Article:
The interventions have already been used successfully in many countries around the world, with some of the success stories highlighted in the report. International donors have also begun to use the arguments to catalyse investment in this area: in 2019 the Norwegian Government launched the first ever international development strategy on NCDs.

“Saving lives, spending less: the case for investing in noncommunicable diseases sets out a path on which countries can follow to deliver the next generation a better and healthier world. The impact of COVID-19 on people living with cardiovascular diseases, diabetes, cancer and lung diseases shows that it’s more important than ever to prioritize the investment of prevention and management of NCDs,” says Dr Bente Mikkelsen, Director for NCDs at WHO. “We call on all our partners to follow examples like Norway, who have stepped up funding and action. In a world where financial resources are increasingly constrained, this report shows where the best investments can be made and where millions of lives can be saved.”

Sierra Leone new Health Minister determined to improve the health sector

Newly appointed Minister of Health of Sierra Leone, Dr. Austin Hinga Demby, said he is confident and determined to improve the health sector in Sierra Leone.

“The burden of disease is predominantly communicable disease, with 25% of deaths due to malaria, 9% due to hypertension and 9% due to maternal causes. In outpatients, the predominant conditions are tuberculosis, human immunodeficiency virus, hepatitis, hypertension and diabetes.” (Primary Health Care and Family Medicine in Sierra Leone – by Colan Robinson).

Dr. Hinga subscribed to the oath of office as Minister of Health and Sanitation before His Excellency President Dr Julius Maada Bio, and assured that he is bringing a wealth of experience to the job. 

Dr. Hinga taking the oath of office at State House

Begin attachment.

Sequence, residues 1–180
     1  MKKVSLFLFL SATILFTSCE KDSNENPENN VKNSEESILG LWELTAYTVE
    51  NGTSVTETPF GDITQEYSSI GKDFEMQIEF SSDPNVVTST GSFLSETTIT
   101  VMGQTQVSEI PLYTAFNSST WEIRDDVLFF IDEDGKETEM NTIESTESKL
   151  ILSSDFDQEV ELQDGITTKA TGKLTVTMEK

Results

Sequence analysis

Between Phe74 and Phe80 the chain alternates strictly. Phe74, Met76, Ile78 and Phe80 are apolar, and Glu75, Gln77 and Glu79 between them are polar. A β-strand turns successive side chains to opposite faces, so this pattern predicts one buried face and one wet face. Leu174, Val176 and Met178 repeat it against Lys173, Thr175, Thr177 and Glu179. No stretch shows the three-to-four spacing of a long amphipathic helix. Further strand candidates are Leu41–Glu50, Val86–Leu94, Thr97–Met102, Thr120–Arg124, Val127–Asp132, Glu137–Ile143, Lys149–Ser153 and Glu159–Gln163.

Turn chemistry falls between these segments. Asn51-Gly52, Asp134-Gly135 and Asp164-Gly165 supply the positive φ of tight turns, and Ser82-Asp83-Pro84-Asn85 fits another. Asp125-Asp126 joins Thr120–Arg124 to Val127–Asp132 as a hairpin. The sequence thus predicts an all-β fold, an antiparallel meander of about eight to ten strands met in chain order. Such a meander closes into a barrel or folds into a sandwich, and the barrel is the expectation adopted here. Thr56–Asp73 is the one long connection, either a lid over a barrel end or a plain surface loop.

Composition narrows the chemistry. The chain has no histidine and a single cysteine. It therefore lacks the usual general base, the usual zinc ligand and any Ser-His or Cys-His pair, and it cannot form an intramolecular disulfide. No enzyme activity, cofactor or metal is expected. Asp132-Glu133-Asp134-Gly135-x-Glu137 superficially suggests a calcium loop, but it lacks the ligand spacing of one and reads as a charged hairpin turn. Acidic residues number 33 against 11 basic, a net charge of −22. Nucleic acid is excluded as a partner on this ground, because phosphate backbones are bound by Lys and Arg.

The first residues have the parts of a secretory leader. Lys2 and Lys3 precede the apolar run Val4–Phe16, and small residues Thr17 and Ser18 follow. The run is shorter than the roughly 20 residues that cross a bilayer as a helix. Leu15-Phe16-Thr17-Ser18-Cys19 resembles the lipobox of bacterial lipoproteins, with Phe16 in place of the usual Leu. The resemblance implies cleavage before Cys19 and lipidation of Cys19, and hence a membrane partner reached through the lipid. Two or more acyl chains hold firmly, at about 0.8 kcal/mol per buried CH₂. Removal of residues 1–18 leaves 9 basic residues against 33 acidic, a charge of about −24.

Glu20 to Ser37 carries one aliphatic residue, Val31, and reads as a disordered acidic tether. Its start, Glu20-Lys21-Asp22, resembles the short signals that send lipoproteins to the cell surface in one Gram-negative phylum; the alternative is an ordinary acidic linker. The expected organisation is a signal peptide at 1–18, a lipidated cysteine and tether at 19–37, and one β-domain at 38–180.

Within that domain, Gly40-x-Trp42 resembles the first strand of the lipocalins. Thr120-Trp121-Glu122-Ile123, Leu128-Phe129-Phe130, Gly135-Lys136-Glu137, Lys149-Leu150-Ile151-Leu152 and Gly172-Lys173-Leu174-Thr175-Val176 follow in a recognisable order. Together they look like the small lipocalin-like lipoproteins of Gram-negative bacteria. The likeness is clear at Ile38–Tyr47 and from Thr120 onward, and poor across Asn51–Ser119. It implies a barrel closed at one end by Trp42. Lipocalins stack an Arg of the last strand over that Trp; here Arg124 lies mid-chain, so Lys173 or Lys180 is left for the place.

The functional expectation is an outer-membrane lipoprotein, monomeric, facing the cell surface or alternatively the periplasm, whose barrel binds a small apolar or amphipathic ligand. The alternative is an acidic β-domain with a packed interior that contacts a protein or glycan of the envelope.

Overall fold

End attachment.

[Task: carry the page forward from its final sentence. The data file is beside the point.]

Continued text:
Before his recent appointment, the US and UK trained health expert, with specialties in microbiology, epidemiology, and biostatistics, served as Deputy Director, Office of Global Health at Health Resources and Services Administration in the United States. He had also worked with the Centres for Disease Control and Preventions abroad for many years  

Dr Demby described the ceremony of his swearing-in as a milestone, adding that with his wealth of experience having served in various parts of the world, he was confident and determined to deliver. He thanked the President for the opportunity to help him transform the health sector of the small west African nation. 

“Mr. President let me assure you that I am ready for the job and I am willing to give my best. If someone is ready 100%, I am ready 200%. Sierra Leoneans are resilient people and they have demonstrated that during various challenging times such as Ebola and now COVID-19,” he said. 

In his brief remarks, the President congratulated him and wished him well, adding that his was a daunting task but with which he was remarkably familiar after helping the country during the Ebola outbreak in 2014/15 and now the with the COVID-19 pandemic.

He reminded the new minister that the country was battling with the COVID-19 and that he was taking up a ministry with challenges which he must surmount to ensure that the government realised a major pillar of its human capital development.